Katie Chambers | November 30, 2023

Look Again: How to Find Top Talent Among Those Who Didn't Make the First Cut

Delphine Carter checked all the boxes. She had a robust background in product and sales development and thought she found an opportunity that she could be successful in.But like many, Carter’s nonlinear work history caused her resume to be initially rejected. “I applied but I didn’t get an interview. A friend of mine was friends with the hiring manager though, and said that I was a great cultural fit and they ended up hiring me.”Carter called herself a “trash can hire,” a term referring to a candidate whose resume was tossed out in the initial screening but rescued in the end. Now, as the CEO and founder of Boulo Solutions, Carter speaks about her business of helping employers break out of their traditional hiring processes to adopt a more open-minded approach. Carter spoke on the subject during a thought leadership spotlight at From Day One’s November virtual conference.Avoid Looking at Titles and EducationTraditional hiring practices look primarily at linear work experience, with employers scanning resumes for key titles, education and company names. However, this method removes candidates with nontraditional resumes who may be prime candidates as well, Carter says.“Ask recruiters to ignore titles, industry and timelines and focus on what’s needed. Put these candidates in front of a panel that represents people from different areas of your organization,” Carter said. “This can help ensure a fair evaluation process and expand the type of questions that the candidate might receive.”At Boulo Solutions, clients are already embracing this change. For each candidate, Boulo Solutions creates a profile of their work experience and skills to present to employers.“We create a 360-degree profile of our candidates with the information that shows off their capabilities in a nonlinear fashion, to eliminate the bias that’s caused by hyper-focusing on titles, timelines and industry,” Carter said. “This helps the candidate stand out because it calls out hard and soft skills that they’ve gained through job and life experiences. Our customers feel like they’ve had a mini interview, and it makes it easier to compare the hard and soft skills of one candidate with another.”Grow Your Referral PipelineDelphine Carter, founder and CEO of Boulo Solutions, led the thought leadership spotlight (company photo)82% of employers rated referrals as their top source for yielding the best return on investment, showing referrals from employees can be a reliable source for employers to get top candidates.“Referrals come from people within your organization or a personal network, who are familiar with both the candidate and your company’s culture. As hiring managers, you can elevate this element of trust and credibility to identify candidates who are more likely to align with your company’s values and expectations,” Carter said.For employers, 45% of referral hires stay longer than four years, compared to only 25% of job board hires, and can cost less to hire than other hiring sources. Having a referral pipeline from employees and industry peers can diversify the hiring pool and help employers look at candidates beyond just the ones that come from the job board, Carter says.“Grow a referral pipeline from industry peers or companies with cultures similar to yours,” Carter said. “This method leverages personal and professional connections to find individuals who possess qualities that are essential beyond what’s written on their resumes and can contribute to a more robust and culturally aligned workforce.”Break Out of TraditionAs a former “trash-can hire,” Carter isn’t afraid to go dumpster diving. “The best reason for dumpster diving is that these candidates are in the dumpster because they applied and they found your company and that job interesting,” Carter said.Looking at rejected resumes with a different mindset can help change traditional hiring practices and give top candidates a second chance. When evaluating these resumes, employers should look for the value proposition that the candidate can add to the company.“Some exceptional candidates may not have the most conventional resumes but there’s a chance of uncovering those diamonds in the rough who may not have typical paper qualifications but possess the skills and potential your organization needs,” Carter said. “Look for the diverse perspectives and backgrounds that are missing from your team and find how they could add value.”Editor’s note: From Day One thanks our partner, Boulo Solutions, for sponsoring this thought leadership spotlight.Wanly Chen is a writer and poet based in New York City.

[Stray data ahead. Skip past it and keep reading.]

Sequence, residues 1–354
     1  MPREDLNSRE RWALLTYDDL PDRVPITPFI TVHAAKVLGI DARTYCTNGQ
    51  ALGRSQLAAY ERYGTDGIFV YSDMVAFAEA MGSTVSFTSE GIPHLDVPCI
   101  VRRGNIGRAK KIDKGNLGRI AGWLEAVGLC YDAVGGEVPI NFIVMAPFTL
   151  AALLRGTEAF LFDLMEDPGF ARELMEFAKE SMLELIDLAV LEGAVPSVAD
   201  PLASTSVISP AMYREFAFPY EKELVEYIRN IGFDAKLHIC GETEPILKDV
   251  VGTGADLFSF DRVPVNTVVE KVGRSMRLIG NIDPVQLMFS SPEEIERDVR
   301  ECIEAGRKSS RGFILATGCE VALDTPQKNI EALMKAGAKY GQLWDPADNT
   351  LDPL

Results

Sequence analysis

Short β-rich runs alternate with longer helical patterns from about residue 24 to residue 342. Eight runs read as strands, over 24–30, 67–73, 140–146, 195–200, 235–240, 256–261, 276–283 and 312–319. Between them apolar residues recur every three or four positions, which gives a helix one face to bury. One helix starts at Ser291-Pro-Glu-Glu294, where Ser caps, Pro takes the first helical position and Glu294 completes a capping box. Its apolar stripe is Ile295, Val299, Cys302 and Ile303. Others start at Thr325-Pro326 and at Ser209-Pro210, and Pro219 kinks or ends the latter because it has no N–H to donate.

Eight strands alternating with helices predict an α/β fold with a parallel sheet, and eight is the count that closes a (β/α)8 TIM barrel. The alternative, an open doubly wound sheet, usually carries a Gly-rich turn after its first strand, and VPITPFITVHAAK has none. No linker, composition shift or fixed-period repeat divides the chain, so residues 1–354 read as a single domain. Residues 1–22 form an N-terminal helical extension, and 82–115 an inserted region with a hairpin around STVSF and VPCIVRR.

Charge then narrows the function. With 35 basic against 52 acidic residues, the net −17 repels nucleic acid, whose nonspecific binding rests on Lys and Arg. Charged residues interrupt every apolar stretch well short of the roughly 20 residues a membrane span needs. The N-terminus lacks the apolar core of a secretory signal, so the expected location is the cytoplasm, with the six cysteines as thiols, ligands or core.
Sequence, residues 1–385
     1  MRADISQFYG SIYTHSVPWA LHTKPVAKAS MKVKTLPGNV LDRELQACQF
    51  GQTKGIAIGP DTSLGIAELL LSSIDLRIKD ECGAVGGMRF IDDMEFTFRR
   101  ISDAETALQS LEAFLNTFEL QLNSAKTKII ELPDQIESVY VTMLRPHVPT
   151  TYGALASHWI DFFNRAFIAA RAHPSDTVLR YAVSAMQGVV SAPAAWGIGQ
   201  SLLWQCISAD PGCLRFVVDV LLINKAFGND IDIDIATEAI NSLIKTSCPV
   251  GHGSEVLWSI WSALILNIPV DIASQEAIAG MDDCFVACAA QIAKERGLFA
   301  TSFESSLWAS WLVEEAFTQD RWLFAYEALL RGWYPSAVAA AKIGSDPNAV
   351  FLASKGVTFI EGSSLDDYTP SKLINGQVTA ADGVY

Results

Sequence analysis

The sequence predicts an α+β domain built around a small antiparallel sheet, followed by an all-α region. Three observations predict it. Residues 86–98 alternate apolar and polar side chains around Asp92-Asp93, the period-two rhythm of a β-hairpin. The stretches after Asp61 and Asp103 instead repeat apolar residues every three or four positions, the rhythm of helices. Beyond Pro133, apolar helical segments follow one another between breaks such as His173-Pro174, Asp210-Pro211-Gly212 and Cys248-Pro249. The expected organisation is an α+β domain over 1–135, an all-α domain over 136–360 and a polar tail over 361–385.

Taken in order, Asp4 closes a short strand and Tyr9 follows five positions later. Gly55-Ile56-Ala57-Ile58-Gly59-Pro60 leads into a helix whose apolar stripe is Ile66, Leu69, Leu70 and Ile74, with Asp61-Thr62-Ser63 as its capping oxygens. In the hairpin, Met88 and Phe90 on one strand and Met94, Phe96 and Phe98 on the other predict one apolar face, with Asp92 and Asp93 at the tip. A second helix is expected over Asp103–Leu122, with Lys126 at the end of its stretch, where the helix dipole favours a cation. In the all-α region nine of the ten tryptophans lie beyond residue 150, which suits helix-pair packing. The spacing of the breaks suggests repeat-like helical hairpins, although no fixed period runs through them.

Wanly Chen | November 29, 2023